Otherwise, improvement becomes an illusion, as managers run programs instead of processes. Real improvement comes with improving skill sets and this starts with the basic corporate mission, McKinnon suggests.

The road to reliable manufacturing goes through a simple evolutionary process: run-to-failure, preventive, predictive and then precision. But savings can be made even if you are using the run-to-failure approach. "Some pumps never have a problem. Find out why and use this best-in-class example to build best practices across the mill," he proposed. After that, do the same with motors, gearboxes and so on to extend your assets lifecycle.

Preventive and predictive approach will reduce 85% of failures, but these approaches are all failure-based. Over time, failure avoidance, life cycle extension and asset improvement can transform your approach to emphasize precision maintenance.

"Reliability is not easy and it's not cheap. It has a price and it's called investment. It takes time, since it is a 3 to 5 year journey, and you will need to review 30% of your assets!" McKinnon warned. "But the performance gains are well worth the journey."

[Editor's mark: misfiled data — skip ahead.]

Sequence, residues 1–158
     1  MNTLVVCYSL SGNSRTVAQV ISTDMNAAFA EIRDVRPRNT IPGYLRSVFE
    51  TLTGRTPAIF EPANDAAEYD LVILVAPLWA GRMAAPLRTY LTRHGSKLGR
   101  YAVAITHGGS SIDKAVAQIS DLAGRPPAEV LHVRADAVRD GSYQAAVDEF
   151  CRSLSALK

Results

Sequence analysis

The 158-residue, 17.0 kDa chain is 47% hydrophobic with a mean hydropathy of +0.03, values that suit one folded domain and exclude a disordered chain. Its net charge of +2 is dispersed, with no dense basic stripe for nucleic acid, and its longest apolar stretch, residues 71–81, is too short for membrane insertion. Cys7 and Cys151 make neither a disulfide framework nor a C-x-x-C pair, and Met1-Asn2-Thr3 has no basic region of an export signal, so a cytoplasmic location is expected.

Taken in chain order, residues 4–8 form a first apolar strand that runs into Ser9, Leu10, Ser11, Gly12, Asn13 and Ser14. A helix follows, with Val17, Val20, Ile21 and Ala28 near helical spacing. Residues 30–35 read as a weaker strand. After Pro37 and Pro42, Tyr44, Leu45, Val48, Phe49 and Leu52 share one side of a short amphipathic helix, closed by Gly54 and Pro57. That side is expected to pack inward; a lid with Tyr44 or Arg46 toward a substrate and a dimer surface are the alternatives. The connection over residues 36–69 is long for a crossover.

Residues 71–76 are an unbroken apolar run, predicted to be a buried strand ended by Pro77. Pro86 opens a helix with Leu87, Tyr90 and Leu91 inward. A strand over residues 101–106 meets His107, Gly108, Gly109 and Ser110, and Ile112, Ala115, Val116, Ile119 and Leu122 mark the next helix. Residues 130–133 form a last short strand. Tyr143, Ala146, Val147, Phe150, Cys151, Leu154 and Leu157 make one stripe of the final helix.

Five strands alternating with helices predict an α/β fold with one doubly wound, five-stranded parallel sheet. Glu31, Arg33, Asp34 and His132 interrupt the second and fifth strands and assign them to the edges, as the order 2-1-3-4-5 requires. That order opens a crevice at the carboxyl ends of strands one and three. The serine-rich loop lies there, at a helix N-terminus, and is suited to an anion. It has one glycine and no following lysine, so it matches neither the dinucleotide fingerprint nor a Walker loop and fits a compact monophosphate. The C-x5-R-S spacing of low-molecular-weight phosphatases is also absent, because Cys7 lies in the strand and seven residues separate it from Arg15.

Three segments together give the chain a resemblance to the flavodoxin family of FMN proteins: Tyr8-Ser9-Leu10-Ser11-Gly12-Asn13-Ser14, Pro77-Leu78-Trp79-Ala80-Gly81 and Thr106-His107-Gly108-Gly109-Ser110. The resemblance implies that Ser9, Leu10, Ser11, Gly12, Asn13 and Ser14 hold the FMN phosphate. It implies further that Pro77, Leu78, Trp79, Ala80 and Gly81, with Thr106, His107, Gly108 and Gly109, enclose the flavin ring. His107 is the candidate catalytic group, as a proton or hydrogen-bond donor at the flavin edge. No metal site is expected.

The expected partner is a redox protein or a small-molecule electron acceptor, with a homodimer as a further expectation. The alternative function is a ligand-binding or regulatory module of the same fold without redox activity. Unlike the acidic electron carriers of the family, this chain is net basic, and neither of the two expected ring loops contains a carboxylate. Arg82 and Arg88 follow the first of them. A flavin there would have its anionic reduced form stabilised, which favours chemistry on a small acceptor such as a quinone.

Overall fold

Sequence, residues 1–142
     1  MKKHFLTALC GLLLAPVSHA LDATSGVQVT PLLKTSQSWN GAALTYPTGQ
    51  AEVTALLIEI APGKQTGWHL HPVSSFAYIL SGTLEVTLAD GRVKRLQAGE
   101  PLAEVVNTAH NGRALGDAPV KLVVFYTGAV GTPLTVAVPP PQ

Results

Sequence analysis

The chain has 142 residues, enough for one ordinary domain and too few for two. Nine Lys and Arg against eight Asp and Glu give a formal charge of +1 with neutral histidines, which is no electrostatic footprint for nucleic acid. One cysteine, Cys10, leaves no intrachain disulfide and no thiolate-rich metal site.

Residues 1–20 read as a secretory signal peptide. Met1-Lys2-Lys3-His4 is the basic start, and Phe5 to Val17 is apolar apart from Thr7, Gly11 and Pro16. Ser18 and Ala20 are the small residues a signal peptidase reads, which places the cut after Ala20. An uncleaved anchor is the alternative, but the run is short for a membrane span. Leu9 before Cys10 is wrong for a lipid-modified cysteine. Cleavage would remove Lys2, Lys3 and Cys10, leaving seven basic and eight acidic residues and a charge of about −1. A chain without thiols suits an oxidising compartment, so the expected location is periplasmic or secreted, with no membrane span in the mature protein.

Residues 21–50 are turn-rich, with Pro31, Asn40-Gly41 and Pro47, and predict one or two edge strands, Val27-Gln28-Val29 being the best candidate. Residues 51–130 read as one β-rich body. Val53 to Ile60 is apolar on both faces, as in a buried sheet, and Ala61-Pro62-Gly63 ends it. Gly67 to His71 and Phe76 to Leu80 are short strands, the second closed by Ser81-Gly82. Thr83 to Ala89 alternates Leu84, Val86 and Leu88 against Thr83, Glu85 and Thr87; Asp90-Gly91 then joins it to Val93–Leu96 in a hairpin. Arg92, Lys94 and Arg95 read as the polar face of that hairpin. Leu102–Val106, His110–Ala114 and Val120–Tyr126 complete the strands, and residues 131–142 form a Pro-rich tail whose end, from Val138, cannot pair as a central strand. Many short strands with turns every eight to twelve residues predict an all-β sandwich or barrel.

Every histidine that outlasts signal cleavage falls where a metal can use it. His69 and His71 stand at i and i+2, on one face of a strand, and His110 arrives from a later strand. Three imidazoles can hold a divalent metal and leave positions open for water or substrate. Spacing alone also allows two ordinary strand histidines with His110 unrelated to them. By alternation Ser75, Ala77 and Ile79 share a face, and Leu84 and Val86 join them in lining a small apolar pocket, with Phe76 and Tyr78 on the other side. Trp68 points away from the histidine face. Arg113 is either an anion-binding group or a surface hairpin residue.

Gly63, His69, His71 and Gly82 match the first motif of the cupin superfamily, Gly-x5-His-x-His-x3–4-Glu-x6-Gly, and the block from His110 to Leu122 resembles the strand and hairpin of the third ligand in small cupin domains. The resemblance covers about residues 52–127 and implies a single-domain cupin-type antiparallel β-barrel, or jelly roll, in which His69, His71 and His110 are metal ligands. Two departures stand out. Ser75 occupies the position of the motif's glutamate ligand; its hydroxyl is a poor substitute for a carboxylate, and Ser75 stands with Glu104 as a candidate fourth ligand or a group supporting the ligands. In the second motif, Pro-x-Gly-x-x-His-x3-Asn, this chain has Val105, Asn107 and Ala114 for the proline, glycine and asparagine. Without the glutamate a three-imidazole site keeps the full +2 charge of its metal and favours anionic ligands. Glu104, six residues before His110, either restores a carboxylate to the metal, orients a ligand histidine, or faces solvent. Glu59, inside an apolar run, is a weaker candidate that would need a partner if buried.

© Paper Advance

Three questions to Ian McKinnon

Why do 80% of machines fail?
It's due to infant mortality. The largest parts of failures are due to machinery assembly and installation. To go forward we must understand the source of those failures and then educate ourselves on how to become more sustainable.

Do you think that reliability is the next great thing in the pulp and paper world?
There is more emphasis today on that topic than there has been in the last five years. But as with the approach we took to safety, we have to create a culture that facilitates a change in behaviors. If we don't, we'll pay the price. It's not about product quality, because we are really focused in on that. What we are not focused in, is lifecycle costs.

Where do businesses need to start?
They have to embrace reliability. It's has to go from the top, to the shop. I think we are starting to hear more about it. There is a real competitive advantage and some people are making huge profits because they understand reliability applications.

Guillaume Roy,


Precision Roll Grinders